There are few greater theatre-going pleasures than coming to grips with one of the handful of theatrical masterworks any given culture manages to create. If you have never seen the first half of Tony Kushner’s multi-award winning “gay fantasia on national themes,” Angels in America, you’re in for a rare treat with North Carolina Stage Company’s first-rate rendering of its first part, Millennium Approaches. If you’re already familiar with it, a revisit is strongly recommended.
The play, celebrating its 20th anniversary, proves the classic it immediately seemed, and this thoughtful, heartfelt, searing production — under the elegant and fiercely intelligent direction of Angie Flynn-McIver, equal parts comedy and tragedy, just as the playwright intended — benefits enormously from the intimate setting in which it is too-rarely seen.
How great a play is it? In the American dramatic canon, works with such long-lasting impact appear decades apart. O’Neill’s The Iceman Cometh and Long Day’s Journey Into Night make the list (with Angels encompassing the philosophical, political and personal scope of the former as well as the trenchant family concerns of the latter), as does Williams’ Streetcar Named Desire and Miller’s Death of a Salesman. Almost 30 years passed after Albee’s Who’s Afraid of Virginia Woolf? before the culture-at-large paid so much attention to such a serious and caustically comic effort, and nothing since has reached so high so successfully.
Angels remains as strong, striking and relevant today as when its frank depiction of out and closeted homosexuals, furtive sex, AIDS, drug abuse, Mormons, Jews, racism and the brutal realities of financial and political power in the age of Reagan outraged certain elements in Charlotte sufficiently that actors in a 1997 production were threatened with jail. A state judge had to issue an order allowing the show to go on, and funding cuts in the millions mandated by Mecklenburg County commissioners to groups presenting “perverted forms of sexuality” were sufficient to lead subsequently to the demise of Charlotte Repertory Theatre.
Unsurprisingly, given the play’s unusual length (three-and-a-half hours, but don’t be daunted: It’s so good it seems to pass in an eye blink), its large cast of characters (21, played by a uniformly strong and versatile ensemble of eight actors), its frequent use of disparate but interlocking scenes played in parallel, and its hallucinatory elements (the pill-popping Harper Pitt — Rebecca Morris — and the AIDS-suffering drag queen, Prior Walter — Willie Repoley — experience voices and visions and, in one of the most remarkable moments in stage history, interpenetrate each other’s reality), Millennium is impossible to summarize.
Suffice it to say that — not despite but because of its broader sociological, economic and political analysis — this is a profoundly human play, at the crux of which is situated our frequent inability to live up to our own demands upon ourselves and one another — how husbands, wives, lovers, friends, co-workers and even strangers hide their problems, lie and mislead; how religion, power structures, race and sexuality control and betray us.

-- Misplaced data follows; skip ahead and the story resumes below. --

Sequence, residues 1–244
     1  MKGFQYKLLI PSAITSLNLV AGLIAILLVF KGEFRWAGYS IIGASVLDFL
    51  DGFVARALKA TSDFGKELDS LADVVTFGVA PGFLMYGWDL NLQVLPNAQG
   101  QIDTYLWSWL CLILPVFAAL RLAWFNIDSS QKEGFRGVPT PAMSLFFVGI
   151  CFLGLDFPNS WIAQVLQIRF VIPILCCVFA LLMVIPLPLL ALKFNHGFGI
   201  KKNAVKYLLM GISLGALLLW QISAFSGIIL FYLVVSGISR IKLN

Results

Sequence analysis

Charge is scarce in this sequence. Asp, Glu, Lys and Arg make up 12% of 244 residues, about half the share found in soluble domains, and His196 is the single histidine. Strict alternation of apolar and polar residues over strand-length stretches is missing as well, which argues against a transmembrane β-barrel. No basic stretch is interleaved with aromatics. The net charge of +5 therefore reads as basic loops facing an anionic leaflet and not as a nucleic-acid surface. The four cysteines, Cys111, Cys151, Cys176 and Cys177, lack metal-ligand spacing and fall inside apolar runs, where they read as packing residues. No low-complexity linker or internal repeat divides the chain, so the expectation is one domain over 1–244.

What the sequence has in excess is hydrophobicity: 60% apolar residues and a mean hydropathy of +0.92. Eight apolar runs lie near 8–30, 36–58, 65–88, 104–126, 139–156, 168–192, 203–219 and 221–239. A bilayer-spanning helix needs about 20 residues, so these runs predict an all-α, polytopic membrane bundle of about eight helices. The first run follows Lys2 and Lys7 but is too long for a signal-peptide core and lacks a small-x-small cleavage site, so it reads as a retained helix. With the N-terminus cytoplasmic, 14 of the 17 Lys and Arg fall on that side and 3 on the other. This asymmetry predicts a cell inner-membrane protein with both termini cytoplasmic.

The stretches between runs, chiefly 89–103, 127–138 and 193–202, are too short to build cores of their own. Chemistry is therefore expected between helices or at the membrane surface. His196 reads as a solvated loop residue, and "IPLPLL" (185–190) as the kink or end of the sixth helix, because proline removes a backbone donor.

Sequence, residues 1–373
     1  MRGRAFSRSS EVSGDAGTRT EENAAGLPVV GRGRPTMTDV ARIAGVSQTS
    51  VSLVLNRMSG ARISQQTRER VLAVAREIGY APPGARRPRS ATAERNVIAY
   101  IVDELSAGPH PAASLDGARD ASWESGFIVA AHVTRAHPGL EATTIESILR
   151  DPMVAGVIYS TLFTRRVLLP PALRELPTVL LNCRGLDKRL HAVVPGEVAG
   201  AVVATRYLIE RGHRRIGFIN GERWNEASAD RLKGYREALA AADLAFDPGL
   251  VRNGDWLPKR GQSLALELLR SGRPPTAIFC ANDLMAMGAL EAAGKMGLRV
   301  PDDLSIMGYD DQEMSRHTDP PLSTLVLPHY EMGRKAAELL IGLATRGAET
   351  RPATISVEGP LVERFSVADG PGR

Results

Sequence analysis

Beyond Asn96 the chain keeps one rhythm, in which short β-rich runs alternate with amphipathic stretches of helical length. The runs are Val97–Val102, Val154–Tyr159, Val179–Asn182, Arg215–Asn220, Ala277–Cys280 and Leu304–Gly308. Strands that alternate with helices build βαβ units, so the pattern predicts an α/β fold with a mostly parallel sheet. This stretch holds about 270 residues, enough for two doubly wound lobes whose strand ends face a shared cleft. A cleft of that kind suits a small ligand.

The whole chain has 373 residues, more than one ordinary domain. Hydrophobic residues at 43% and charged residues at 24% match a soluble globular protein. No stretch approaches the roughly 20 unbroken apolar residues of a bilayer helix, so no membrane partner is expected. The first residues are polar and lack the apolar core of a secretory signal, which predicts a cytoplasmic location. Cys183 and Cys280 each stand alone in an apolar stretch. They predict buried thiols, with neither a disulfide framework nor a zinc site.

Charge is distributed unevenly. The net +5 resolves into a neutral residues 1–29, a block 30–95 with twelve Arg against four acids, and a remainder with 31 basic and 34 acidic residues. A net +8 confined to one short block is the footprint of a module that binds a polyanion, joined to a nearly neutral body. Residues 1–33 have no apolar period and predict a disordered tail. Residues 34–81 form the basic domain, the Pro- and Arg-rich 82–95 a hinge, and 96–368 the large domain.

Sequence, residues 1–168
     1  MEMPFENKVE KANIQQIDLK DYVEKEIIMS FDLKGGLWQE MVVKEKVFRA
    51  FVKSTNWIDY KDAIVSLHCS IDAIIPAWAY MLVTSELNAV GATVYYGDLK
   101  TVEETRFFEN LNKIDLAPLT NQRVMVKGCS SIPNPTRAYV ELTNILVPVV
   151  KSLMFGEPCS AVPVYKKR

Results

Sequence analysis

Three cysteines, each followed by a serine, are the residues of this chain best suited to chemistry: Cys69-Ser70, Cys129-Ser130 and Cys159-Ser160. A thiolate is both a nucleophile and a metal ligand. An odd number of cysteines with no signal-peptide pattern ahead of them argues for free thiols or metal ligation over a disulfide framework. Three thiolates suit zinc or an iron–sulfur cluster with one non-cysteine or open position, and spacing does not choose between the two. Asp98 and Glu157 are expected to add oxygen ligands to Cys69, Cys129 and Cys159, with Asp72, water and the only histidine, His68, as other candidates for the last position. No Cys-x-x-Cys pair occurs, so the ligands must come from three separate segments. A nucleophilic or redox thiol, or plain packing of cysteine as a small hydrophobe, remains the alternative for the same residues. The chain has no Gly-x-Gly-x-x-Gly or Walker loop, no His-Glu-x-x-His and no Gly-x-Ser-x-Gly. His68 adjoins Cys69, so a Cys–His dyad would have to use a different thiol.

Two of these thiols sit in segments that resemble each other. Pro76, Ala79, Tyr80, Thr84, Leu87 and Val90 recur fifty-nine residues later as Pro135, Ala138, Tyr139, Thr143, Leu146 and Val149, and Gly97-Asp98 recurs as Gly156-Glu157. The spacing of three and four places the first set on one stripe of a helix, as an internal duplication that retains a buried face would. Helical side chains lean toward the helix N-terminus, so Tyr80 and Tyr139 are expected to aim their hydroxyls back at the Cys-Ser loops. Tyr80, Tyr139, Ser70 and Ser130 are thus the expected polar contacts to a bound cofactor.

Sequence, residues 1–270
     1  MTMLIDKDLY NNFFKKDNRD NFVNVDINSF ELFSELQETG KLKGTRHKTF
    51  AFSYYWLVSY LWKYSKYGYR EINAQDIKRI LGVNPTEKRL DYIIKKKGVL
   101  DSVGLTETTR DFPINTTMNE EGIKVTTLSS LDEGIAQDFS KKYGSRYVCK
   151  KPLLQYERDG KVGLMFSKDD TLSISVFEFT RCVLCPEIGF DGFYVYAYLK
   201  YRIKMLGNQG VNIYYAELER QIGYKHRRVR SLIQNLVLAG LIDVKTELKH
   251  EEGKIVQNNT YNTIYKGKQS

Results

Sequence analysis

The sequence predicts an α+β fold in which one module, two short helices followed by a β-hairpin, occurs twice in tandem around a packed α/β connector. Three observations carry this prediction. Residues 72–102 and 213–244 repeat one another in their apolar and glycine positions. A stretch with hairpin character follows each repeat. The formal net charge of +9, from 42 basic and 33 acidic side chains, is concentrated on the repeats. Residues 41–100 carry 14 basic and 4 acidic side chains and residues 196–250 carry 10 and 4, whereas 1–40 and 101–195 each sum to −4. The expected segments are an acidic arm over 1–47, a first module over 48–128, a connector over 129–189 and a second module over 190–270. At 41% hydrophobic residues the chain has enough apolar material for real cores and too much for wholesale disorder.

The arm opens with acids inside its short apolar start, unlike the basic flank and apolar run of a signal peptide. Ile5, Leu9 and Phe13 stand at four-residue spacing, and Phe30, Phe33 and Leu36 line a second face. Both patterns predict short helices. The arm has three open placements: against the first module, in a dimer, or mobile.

At N.C. Stage, the massive complexities of Kushner’s preposterously eloquent text — how few playwrights have ever sung to us with such a voice! — are presented with beautiful, clarifying simplicity. The design team has met matchless challenges delightfully, but the heart of the matter, as it must, resides with the actors, who bring unusual delicacy and depth to extraordinarily rich and often self-contradictory characters.
Let Michael MacCauley’s portrayal of Roy Cohn stand for the rest. Cohn, of course, was an infamous, right-wing powerbroker, an acolyte of Joe McCarthy who, like his friend Edgar J. Hoover, tried to take the secret of his homosexuality to the grave, to no avail. As played onstage by Ron Leibman and on film by Al Pacino, Kushner’s Cohn is a fire-breathing megalomaniac. MacCauley encompasses that passion and monstrosity but adds a dimension most others frankly lack: the human warmth, charisma, and, yes, charm someone who so skillfully manipulated so many surely possessed.
These qualities are the touchstone of the N.C. Stage Millennium, and what it may miss in sheer Broadway bravado is more than made up with all that is so gently revealed. If there’s one legitimate complaint that must be made, it’s that Angels’ second half, Perestroika, isn’t presently scheduled for the same treatment. Only that remains to provide complete satisfaction.
Here’s hoping that, twenty years on, Millennium Approaches is well-enough embraced by Asheville audiences that N.C. Stage is encouraged to bring us Perestroika next year.
Angels in America: Millennium Approaches, by Tony Kushner. Directed by Angie Flynn-McIver. Lighting Design: Rob Bowen. Set Design: James W. Johnson. Sound Design: Jason Waggoner. Costume Design: Ginny Speaks. Properties Design: Jessica Tandy Kammerud. Production Stage Manager: Connie M. Silver.
With Michael MacCauley (Roy M. Cohn, Prior 2), Andrew Hampton Livingston (Joe Pitt, Prior 1, The Eskimo), Rebecca Morris (Harper Pitt, Martin Heller), Willie Repoley (Prior Walter, The Man in the Park), Dusty McKeelan (Louis Ironson), Nathan C. Crocker (Belize, Mr. Lies), Jorja Ursin (Hannah Pitt; Rabbi Isidor Chemelwitz; Henry, Roy’s doctor; Ethel Rosenberg), and Vivian Smith (The Angel; The Voice; Emily, a nurse; Sister Ella Chapter; The Woman in the South Bronx).